A cell takes in or “gulps” extracellular fluid into vesicles which are formed when the plasma membrane surrounds the fluid. The cell takes in the molecules which are found in the droplets. The cell can take in any molecules or solutes through this process.[5]

Receptor-mediated endocytosis

A form of pinocytosis where the cell takes in more specific molecules or solutes. There are proteins with receptor sites located on the plasma membrane which bind to specific solutes. The receptor proteins that are attached to the specific solutes go inside coated pits which then forms a vesicle. The vesicles now surrounds the receptors that are attached to the specific solutes. The molecules are then released from the vesicles and receptor proteins are recycled back to the plasma membrane by the same vesicle.[5]

References[edit]

  1. ^ "3.5 Cell Growth and Division – Anatomy and Physiology". Retrieved October 23, 2019.
  2. ^ a b c d Urry, Lisa A.,. Campbell biology. Cain, Michael L. (Michael Lee), 1956-, Wasserman, Steven Alexander,, Minorsky, Peter V.,, Reece, Jane B.,, Campbell, Neil A., 1946-2004, (Eleventh edition ed.). New York, NY. ISBN 0134093410. OCLC 956379308.CS1 maint: extra punctuation (link) CS1 maint: multiple names: authors list (link) CS1 maint: extra text (link)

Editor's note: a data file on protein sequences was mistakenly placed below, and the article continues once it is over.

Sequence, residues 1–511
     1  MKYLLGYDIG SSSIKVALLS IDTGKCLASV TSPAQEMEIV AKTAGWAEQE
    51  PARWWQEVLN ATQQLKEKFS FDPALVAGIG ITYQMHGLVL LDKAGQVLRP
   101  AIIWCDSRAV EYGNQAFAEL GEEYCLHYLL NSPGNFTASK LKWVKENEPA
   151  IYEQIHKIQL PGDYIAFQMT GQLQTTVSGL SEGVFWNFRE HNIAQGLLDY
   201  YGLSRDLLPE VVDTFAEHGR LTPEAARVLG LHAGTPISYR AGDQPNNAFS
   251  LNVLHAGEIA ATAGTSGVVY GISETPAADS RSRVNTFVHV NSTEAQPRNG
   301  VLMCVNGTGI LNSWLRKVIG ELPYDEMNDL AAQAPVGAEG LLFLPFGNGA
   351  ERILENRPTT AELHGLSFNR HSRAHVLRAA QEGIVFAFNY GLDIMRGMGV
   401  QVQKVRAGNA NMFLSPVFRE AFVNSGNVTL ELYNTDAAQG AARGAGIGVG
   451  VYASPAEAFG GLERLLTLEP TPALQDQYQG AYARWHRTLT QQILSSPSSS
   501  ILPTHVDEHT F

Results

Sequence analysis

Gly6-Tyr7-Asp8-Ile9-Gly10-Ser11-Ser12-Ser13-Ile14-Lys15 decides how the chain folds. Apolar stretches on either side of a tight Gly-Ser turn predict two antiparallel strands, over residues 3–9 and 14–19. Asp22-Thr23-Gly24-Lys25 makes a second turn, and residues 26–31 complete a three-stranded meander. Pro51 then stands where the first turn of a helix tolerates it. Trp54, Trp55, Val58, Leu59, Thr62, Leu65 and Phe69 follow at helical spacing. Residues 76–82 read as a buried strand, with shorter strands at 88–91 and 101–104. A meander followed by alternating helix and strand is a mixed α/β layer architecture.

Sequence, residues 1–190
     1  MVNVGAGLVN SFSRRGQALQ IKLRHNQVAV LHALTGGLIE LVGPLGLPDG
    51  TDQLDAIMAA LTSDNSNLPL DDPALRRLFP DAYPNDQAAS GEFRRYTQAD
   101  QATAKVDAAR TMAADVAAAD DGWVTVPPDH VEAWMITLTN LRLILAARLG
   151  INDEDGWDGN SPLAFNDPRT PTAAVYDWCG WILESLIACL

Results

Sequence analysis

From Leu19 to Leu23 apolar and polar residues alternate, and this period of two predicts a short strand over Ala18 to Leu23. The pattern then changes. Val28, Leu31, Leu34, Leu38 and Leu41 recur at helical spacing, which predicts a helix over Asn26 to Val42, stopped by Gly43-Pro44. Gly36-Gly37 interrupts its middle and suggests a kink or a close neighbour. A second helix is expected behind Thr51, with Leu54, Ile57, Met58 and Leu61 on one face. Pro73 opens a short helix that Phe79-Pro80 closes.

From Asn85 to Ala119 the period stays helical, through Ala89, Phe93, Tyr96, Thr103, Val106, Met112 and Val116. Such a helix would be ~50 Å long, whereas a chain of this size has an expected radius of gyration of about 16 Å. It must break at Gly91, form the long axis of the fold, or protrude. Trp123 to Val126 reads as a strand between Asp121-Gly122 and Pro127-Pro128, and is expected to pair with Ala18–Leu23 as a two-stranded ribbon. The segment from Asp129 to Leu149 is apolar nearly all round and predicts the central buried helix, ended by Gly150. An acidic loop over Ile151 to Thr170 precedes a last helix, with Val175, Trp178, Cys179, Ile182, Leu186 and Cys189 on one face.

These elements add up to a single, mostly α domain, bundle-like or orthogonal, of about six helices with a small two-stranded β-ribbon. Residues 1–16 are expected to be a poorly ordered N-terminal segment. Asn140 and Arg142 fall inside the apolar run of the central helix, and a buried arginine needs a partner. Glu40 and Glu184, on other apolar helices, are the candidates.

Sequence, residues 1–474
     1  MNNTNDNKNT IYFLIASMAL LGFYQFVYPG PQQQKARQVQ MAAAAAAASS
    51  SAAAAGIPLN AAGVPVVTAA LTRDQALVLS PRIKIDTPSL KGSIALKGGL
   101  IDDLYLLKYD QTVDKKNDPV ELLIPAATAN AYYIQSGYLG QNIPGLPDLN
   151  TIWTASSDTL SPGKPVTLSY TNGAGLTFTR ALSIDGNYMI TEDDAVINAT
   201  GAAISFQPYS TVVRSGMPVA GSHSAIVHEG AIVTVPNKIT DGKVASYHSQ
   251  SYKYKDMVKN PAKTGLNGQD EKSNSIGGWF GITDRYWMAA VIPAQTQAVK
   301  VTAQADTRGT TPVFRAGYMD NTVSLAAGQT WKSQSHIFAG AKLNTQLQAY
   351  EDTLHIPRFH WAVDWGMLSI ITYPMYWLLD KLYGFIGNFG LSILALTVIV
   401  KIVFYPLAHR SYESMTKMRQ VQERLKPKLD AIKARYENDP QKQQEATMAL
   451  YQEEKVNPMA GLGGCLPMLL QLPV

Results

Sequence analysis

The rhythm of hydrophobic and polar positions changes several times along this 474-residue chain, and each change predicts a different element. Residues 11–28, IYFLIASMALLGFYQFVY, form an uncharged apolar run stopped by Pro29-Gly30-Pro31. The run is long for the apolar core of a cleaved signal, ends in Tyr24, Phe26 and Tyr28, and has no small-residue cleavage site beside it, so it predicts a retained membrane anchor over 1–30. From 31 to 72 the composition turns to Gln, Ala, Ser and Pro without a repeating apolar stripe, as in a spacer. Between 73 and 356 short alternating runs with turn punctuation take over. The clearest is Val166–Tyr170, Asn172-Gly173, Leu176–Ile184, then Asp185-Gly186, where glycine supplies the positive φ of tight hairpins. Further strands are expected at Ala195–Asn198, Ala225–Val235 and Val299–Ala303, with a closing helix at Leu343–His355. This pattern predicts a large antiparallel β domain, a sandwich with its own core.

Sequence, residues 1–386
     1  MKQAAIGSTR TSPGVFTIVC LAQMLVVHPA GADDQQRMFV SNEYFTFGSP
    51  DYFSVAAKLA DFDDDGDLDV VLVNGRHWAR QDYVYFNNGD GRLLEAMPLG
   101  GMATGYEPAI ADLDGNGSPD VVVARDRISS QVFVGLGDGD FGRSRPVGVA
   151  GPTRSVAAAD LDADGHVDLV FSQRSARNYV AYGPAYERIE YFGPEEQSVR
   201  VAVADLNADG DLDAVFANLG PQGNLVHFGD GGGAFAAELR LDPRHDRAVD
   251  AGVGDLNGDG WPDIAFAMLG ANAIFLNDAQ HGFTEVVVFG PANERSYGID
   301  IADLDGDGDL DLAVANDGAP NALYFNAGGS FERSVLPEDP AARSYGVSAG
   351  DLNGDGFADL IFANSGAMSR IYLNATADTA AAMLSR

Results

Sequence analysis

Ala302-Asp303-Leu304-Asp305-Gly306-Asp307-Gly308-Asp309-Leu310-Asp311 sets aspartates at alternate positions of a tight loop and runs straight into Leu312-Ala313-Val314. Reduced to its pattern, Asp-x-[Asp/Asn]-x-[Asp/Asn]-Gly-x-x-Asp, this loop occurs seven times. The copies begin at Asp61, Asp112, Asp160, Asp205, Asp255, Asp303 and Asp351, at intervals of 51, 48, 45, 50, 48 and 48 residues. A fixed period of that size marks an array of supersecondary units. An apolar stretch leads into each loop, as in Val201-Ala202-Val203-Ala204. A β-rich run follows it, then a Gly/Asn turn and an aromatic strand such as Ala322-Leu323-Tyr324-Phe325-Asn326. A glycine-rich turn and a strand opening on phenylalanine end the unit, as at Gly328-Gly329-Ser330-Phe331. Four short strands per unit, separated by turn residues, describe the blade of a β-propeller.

3. ^ a b Landowne, David. (2006). Cell physiology. New York: Lange Medical Books/McGraw-Hill. ISBN 9780071464741. OCLC 70047489.
  4. ^ Clark, Mary Ann (2018). Biology 2e. Houston, Texas: OpenStax. ISBN 1-947172-51-4.
  5. ^ a b c d Urry, Lisa (2017). Campbell Biology (11th edition ed.). Pearson. pp. 139–140. Retrieved November 17, 2019.CS1 maint: extra text (link)